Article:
Wednesday, April 17, 2013

The Murder on the Links: Agatha Christie

My Agatha Christie read for this month was The Murder on the Links (1922), one of the early books in the Hercule Poirot series. 

In recent years, I have only read a few books by Agatha Christie and this is only the second one featuring Hercule Poirot. So far, I find the Poirot character to be smug and irritating, but he does get the job done in the end. I know he is a very popular character with most Christie readers, so I am prepared to have my mind changed as I read more books in the series.

Robert Barnard summarizes the plot in two sentences (in A Talent to Deceive):
Super-complicated early whodunit, set in the northerly fringes of France so beloved of the English bankrupt. Poirot pits his wits against a sneering sophisticate of a French policeman while Hastings lets his wander after an auburn-haired female acrobat.
My take:
  • I liked that this novel was told in first person by Captain Arthur Hastings. I do seem to favor first person narratives, where it makes sense.
  • I enjoyed the hints of romance between various characters. Christie often throws in some romance, but it does not overpower the story.
  • I suspected fairly early on how the murder had been committed (although not the why). However, the clues were strung out throughout the novel and held my interest.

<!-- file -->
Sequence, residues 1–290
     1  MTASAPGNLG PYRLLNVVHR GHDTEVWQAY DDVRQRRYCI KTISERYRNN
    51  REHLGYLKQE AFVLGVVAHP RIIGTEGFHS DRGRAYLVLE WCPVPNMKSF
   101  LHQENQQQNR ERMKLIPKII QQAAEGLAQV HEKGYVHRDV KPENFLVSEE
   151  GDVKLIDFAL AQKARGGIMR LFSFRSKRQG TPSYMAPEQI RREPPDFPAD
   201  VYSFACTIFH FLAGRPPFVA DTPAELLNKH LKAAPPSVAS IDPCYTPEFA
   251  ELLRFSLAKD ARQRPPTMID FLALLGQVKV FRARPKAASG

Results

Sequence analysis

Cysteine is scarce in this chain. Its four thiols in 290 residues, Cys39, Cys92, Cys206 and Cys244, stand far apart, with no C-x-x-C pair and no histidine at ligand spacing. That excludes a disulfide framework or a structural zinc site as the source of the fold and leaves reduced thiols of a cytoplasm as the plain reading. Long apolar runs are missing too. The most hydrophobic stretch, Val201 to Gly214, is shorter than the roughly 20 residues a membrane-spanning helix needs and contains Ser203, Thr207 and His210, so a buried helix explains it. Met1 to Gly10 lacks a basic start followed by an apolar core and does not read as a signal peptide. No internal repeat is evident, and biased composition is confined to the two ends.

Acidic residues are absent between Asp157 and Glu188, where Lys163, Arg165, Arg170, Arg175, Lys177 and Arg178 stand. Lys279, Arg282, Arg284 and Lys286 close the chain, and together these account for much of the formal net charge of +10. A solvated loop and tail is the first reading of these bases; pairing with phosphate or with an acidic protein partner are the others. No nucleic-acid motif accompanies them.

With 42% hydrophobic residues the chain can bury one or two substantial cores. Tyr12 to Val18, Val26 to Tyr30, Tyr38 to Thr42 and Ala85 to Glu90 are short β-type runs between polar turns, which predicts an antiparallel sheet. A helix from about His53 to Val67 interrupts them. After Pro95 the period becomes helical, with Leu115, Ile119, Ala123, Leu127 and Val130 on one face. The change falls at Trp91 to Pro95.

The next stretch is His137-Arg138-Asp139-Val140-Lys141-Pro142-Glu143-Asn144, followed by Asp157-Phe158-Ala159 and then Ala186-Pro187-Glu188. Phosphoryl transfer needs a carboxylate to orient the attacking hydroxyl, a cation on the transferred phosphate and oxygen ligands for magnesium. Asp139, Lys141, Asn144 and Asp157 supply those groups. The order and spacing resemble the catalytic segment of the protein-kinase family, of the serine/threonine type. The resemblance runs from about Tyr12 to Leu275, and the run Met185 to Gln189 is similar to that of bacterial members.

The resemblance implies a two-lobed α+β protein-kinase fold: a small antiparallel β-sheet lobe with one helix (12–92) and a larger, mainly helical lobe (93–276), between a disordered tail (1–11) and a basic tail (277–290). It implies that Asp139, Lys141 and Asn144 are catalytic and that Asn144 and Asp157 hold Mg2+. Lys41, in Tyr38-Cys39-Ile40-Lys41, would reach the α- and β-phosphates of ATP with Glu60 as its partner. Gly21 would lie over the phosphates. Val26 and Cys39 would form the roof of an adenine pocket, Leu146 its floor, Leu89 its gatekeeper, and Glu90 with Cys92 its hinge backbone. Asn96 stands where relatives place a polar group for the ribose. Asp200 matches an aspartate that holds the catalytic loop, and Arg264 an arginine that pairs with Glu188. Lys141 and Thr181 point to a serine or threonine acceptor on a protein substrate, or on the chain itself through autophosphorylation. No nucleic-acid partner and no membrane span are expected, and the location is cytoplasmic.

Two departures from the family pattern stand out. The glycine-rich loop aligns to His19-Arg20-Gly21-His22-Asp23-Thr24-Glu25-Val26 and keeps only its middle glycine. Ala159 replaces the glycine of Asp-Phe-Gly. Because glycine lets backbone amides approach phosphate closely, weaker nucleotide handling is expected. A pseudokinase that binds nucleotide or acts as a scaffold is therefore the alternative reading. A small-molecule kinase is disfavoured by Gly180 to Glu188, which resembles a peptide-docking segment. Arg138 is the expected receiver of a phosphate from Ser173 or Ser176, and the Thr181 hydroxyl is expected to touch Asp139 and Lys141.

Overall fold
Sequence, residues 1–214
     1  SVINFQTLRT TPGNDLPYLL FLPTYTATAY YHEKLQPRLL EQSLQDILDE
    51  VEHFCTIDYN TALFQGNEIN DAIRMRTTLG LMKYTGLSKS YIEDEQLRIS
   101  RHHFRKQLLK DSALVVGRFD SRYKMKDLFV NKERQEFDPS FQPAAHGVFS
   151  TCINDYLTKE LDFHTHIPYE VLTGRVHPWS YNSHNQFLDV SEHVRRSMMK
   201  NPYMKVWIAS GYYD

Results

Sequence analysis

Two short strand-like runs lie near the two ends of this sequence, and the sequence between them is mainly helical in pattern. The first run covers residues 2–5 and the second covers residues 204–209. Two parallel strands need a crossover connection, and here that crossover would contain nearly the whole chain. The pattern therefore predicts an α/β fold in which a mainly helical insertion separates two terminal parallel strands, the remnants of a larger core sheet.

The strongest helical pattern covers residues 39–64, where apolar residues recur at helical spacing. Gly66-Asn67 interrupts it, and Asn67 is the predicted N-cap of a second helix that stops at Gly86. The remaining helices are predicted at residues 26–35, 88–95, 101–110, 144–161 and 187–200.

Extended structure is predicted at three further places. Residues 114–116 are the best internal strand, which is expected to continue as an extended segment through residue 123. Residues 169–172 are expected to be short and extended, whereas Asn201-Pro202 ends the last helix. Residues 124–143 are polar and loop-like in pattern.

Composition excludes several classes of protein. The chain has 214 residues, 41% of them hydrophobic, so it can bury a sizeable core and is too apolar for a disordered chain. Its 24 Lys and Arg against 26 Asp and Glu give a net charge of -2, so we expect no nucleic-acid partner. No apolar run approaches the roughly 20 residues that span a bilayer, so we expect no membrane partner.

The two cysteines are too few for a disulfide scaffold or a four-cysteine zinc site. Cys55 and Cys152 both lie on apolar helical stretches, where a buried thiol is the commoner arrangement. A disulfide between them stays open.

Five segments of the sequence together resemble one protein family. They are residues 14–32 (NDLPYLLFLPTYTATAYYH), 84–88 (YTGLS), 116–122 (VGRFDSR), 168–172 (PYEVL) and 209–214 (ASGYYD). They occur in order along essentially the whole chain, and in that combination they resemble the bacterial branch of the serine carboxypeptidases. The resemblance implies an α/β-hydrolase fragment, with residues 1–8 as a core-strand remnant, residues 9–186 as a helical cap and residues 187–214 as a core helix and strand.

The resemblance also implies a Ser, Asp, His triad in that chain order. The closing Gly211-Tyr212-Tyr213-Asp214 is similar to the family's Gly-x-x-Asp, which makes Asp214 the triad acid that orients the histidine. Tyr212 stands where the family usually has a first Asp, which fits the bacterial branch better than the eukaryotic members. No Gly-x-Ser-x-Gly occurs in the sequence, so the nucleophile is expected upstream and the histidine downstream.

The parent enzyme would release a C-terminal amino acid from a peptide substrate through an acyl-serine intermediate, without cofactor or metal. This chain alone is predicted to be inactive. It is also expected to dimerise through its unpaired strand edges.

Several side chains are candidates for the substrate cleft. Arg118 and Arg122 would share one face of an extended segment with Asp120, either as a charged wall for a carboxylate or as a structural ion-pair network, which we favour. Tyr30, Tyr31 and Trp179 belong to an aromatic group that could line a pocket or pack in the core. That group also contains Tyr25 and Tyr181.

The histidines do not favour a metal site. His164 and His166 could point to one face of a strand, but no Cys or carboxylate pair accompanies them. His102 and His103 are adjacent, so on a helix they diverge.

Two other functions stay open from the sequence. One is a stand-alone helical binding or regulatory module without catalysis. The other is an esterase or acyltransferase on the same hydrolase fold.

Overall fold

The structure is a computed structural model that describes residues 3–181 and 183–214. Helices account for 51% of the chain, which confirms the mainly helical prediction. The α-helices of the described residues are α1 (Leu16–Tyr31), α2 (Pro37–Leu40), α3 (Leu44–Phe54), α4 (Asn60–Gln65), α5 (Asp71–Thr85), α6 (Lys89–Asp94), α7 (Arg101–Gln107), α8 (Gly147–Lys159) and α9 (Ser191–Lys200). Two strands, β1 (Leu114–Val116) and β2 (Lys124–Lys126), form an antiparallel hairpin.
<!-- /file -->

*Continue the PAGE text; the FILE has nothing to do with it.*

Having enjoyed Hastings as the narrator of this book, I was disappointed to find that he only features in eight of the thirty-three Hercule Poirot novels, and mostly in the earlier ones. From what I have read, he is the narrator for most Hercule Poirot short stories.

The other Hercule Poirot novel that I have reviewed is Murder on the Orient Express (my review is here). That one is later in the series and Hastings is not involved.


I  read this book for the Agatha Christie Reading Challenge, hosted by  Mysteries In Paradise. If you are interested in joining in, here are instructions on how to do that. Links to other reviews for this month will be found here.

Also submitted for the Vintage Mystery Challenge (World Traveler). The novel begins with Hastings returning to London after a Paris business trip. He then travels to France with Poirot at the request of a client. The majority of the book takes place in Merlinville-sur-Mer, France.

16 comments:

  1. Even Christie found him smug and irritating, and often complained loudly about him to interviewers (In later novels, Poirot is teamed up with Ariadne Oliver, a famous lady crime novelist who bitterly complains about her running hero, a smug, irritating Finnish detective...) Poirot is humanised a bit more in the later novels, and MRS McGINTY'S DEAD is a good example of this. Enjoy your reading.

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    1. I did know she grew tired of him. Perhaps he was so popular because of his irritating traits? He is certainly milder in Murder on the Orient Express.

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  2. Tracy, this is the first time I've heard anyone describe Poirot as "smug and irritating" (in a nice sort of way?) and I quite liked it. We must dethrone our venerable sleuths once in a while! Romance is a secondary plot-line in many of Christie's novels. I haven't read this book yet. I'm currently reading MAN IN THE BROWN SUIT (which I think you reviewed not long ago) and I am trying to get used to Anne Beddingfield's character. For me, Christie's work is essentially about Poirot and Marple.

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    1. Definitely in a nice way, Prashant. My favorite detective, Nero Wolfe, is very smug, but I have learned to love him with all his flaws.